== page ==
Unfortunately, identifying burrs on a seal casing is not usually as simple as a visual inspection. This is the reason some burrs are not detected until the seal is already installed in an application, and the burr results in a seal malfunction or causes unnecessary wear or damage to the shaft or housing. Most seal manufacturing processes incorporate a finished goods inspection step in their Quality Management System. For burr detection this step would include having a technician or quality inspector test a representative sample amount from each batch of product prior to final approval of the product. This quality control step will certainly help in detecting these deformations and should provide the manufacturer an indicator of tool wear. Proper testing procedures for burr detection include both a visual inspection using a magnification tool or a physical “touching” process with the hand of the inspector. The limits on size or number of burrs is usually set by the manufacturer, but can also be specified by the customer. If burrs are detected and are not within tolerances, there are several methods of “de-burring” or removing these imperfections so that the seal cases still meet customer requirements. Of course, the tools should also be re-inspected to ensure that the tool meets design specifications.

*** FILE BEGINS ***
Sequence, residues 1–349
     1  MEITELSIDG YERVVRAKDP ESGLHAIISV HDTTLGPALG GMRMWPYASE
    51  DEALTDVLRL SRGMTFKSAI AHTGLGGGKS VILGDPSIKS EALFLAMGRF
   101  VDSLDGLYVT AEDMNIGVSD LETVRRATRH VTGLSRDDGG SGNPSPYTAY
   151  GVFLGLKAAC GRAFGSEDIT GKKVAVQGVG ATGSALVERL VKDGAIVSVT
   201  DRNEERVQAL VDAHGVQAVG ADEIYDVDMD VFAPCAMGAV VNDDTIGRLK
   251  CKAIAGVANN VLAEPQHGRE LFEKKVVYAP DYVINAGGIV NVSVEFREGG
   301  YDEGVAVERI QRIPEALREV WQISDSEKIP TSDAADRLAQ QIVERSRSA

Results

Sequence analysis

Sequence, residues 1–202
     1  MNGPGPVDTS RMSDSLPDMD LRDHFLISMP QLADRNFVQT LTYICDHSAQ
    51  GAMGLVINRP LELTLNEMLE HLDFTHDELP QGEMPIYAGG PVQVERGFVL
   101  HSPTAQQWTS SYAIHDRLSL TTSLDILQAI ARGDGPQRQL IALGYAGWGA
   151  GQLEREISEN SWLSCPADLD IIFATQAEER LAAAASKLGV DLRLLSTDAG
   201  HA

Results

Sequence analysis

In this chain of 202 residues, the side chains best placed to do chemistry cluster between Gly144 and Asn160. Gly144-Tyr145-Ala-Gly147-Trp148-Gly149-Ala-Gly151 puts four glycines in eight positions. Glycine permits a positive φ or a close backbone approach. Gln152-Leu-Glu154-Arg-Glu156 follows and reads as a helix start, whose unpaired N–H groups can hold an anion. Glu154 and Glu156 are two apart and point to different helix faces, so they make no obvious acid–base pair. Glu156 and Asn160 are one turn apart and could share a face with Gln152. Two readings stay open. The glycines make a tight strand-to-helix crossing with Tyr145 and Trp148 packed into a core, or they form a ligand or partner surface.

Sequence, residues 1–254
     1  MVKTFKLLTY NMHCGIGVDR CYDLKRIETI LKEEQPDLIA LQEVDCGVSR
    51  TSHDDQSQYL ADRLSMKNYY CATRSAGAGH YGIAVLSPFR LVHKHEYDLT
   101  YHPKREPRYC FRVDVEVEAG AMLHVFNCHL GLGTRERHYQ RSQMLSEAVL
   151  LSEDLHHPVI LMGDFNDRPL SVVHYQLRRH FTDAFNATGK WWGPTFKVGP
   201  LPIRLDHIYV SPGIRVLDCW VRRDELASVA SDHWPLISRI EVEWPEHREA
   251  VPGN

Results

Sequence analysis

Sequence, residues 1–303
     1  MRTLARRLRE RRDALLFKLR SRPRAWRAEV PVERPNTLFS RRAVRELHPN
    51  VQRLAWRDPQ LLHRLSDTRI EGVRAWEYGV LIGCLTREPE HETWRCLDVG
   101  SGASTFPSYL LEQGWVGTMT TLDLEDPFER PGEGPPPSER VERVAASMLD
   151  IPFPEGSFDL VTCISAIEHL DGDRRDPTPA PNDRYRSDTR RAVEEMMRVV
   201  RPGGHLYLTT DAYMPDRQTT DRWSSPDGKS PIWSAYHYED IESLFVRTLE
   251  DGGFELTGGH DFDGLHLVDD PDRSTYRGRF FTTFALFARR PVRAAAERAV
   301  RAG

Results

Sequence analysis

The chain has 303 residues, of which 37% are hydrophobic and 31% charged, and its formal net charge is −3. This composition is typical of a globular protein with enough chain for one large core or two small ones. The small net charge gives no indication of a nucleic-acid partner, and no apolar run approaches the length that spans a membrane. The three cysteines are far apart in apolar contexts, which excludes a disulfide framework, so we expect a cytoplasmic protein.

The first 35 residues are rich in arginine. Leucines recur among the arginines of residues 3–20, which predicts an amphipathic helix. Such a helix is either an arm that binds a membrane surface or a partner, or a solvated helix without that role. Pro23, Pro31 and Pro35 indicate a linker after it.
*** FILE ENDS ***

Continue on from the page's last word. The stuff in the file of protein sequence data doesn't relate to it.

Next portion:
The process of removing these extrusions or burrs from what should be smooth, finished surfaces is referred to as “de-burring.” De-burring can be completed either manually or automatically. Manual de-burring has been around for decades and involves a worker physically searching, finding, and removing burrs using a manual de-burring tool (most often a type of brush with steel, nylon, or diamond-coated bristles). Those who are involved in this activity are noted for their patience, dexterity, and attention to detail. However, this process creates a large amount of metal dust, which can be hazardous to one’s health, and the process is extremely repetitious, which often results in inconsistent dimensional “finished” products. Most manufacturers have automated the de-burring process. This ensures that each finished product is subject to the exact same procedures for product de-burring, as opposed to a manual process that sometimes produces inconsistent results.